By Rick James and Ayele Ashagre
We know the theory. To leave partners resilient and sustainable, funders should invest in capacity strengthening before exit. However, the really challenging question is how best to actually go about doing this. In ‘Investing for Exit’, Ayele Ashagre described one such programme in Ethiopia funded by Oak Foundation. In this blog, we highlight the key learnings from this experience. Once again, we see the importance of cultivating motive and ownership; the value of focusing on holistic priorities using skilled local providers; and the need for timely and adaptive support from funders.
Cultivate motive and ownership
Focus on those most open to change: The capacity strengthening programme focused on only four out of the six potential partners – those most open to change and most likely to survive. As predicted, the other two proved too fragile or distracted to take part even in the limited capacity strengthening support offered.
Listen to clients in design: The team invested time from the outset in ensuring that the voices of the partners informed the design of the programme. As a result, as one leader said: “It was not top-down at all, it was designed based on our own interest and priorities.”
Use participatory methods to reinforce ownership: The Ethiopian accompaniers and consultants used participatory methods in their approaches whether addressing issues of leadership, strategy, resource mobilisation or financial management. According to the evaluation, we should have gone even further, for example taking a more inclusive approach to the leadership coaching by involving senior staff, not just the Directors.
Ensure opt in/formal sign up for support: We also realised from the evaluation that to overcome the challenge of NGOs operating in survival mode, distracted by the urgent need to secure funding, we should have encouraged the NGOs to sign an agreement at the start, as a kind of MoU for capacity strengthening support that highlighted roles and responsibilities.
Holistic, prioritised inputs, using skilled local providers
Focused, holistic areas of support: The programme focused on only four key priorities for capacity strengthening – leadership, strategy, resource mobilisation and financial management. These ‘magic four’ areas ensured a holistic approach that addressed the most critical concerns.
Ensure integration between methods: The methods of delivery, however, could have been much better integrated. Using specialist providers in each area enabled a tailored, high-quality service. However because we did not invest enough time in coordinating between them, it also resulted in clashing schedules and missed opportunities to properly integrate inter-related inputs in leadership, strategy, and finance.
Use in-country accompaniers: Two in-country accompaniers walked alongside the NGOs throughout the process. Being so close to the realities on the ground meant that the accompaniers could quickly adapt the programme to the changing situation and proceed at the pace of the partner. As national consultants they understood the volatile local context and communicated in mother tongue Amharic.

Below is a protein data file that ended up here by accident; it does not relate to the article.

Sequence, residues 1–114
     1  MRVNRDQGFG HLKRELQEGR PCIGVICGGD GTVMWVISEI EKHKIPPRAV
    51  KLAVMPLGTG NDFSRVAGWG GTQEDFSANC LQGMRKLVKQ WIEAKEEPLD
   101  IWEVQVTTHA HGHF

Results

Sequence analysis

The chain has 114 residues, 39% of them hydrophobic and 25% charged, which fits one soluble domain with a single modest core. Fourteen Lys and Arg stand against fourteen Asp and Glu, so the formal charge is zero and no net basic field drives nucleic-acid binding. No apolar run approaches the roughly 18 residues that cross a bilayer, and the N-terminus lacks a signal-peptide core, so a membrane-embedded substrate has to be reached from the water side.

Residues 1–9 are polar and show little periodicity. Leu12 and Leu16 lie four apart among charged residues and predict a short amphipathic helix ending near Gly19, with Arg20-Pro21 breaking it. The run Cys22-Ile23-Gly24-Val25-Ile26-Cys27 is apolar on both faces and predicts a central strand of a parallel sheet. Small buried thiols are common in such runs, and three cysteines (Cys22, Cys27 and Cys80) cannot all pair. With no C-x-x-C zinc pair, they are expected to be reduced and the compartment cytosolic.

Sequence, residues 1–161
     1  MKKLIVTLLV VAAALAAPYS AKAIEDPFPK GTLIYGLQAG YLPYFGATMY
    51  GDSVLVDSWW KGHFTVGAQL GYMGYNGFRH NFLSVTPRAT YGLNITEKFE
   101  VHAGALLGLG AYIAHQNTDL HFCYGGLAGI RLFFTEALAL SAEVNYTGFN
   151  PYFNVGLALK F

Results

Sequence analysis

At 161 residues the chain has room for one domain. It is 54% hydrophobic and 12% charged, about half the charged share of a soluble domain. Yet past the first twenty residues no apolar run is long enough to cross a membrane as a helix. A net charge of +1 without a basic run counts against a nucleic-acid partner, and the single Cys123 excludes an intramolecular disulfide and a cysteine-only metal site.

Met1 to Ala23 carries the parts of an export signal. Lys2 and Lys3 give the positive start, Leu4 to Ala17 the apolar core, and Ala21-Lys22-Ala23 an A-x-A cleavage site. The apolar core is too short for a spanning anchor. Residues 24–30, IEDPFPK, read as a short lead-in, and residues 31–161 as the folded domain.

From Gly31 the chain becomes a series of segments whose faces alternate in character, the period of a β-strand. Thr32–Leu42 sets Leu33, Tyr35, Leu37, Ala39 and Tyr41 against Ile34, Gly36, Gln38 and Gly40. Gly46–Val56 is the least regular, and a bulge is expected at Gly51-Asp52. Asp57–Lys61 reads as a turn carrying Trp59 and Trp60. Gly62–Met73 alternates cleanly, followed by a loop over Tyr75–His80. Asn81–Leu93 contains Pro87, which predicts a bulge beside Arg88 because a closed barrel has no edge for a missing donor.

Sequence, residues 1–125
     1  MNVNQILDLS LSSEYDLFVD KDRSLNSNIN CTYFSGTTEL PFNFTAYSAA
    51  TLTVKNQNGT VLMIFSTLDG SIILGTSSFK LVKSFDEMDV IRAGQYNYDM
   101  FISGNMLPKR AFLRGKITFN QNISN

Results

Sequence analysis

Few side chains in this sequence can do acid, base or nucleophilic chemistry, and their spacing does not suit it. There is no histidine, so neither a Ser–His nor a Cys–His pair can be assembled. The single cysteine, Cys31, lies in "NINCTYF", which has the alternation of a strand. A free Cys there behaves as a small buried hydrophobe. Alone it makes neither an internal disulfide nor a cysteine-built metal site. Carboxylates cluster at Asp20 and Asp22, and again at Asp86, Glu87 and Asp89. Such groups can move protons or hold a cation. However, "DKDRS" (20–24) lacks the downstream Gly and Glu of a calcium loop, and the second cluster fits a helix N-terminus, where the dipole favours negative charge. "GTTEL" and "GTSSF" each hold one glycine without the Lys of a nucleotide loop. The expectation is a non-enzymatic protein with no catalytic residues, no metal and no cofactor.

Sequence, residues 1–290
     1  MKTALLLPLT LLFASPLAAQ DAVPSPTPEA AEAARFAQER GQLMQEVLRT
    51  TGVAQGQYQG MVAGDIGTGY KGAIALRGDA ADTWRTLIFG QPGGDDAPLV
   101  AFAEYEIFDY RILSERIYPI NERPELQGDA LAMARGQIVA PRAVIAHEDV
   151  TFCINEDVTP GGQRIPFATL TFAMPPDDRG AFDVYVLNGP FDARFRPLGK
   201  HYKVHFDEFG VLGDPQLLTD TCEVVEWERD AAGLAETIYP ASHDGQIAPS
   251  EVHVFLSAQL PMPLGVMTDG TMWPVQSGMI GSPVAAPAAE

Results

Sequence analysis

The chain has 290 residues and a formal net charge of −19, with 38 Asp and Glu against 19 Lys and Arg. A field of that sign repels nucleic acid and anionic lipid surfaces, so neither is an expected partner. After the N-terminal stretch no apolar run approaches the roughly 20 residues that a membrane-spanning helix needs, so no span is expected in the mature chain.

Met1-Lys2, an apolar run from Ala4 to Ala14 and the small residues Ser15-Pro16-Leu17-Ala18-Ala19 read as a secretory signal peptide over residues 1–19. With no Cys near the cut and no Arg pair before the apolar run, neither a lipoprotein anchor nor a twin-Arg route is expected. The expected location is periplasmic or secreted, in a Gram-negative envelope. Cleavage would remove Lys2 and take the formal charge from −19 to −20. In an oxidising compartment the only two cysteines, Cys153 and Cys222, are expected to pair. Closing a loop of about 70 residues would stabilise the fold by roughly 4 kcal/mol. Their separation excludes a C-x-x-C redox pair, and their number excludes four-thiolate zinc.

Top quality Ethiopian leadership coaches and strategy consultants complemented the accompaniers. As well as having the necessary facilitative skills and experience, these consultants also demonstrated commitment and patience.
Support capacity strengthening opportunities – now and with flexibility
Start capacity strengthening before exit:Benefitting NGOs felt that this programme would have been even more effective if it had not come after their programme grants had ended. The late timing meant that some of the NGOs were already in a financial crisis and losing key staff. Capacity strengthening needs to be part of grant-making, not an after-thought.
Fund quickly, fully, and flexibly: theeight-month delay in this example between the initial assessment and the start of the programme caused a loss of momentum. It also meant that the NGOs were even more fragile than when the programme had been designed. But once the funding was approved, Oak Foundation responded promptly and positively to any requests for adapting the activities within the overall budget.
Adaptive management: The programme was able to adapt to major changes in the external environment (including COVID-19) largely due to the constant coordination. The monthly update meetings between INTRAC and the two accompaniers (leads) and mid-term review analysed progress, picked up on challenges, and identified action points to make corrective measures.
High stakes and last chances
From this example, it seems the principles of effective capacity strengthening during exit are pretty much the same as at other times. During exit capacity strengthening programmes still need to pay constant attention to partner commitment and ownership; use local providers to accompany a participatory process and make timely and flexible investments in the process. But during exit, financial pressures on local partners may be greater. The stakes are higher. It is often the last chance for funders to exit responsibly and leave the lasting legacy of genuinely resilient and sustainable partners that they aspire for. Capacity strengthening in exit takes funders with foresight, skilled local providers and civil society organisations committed to their own change.
Read the two previous blogs in this series: “Please start supporting succession: four practical suggestions from Ethiopian civil society” and “Investing in exit: funders with foresight”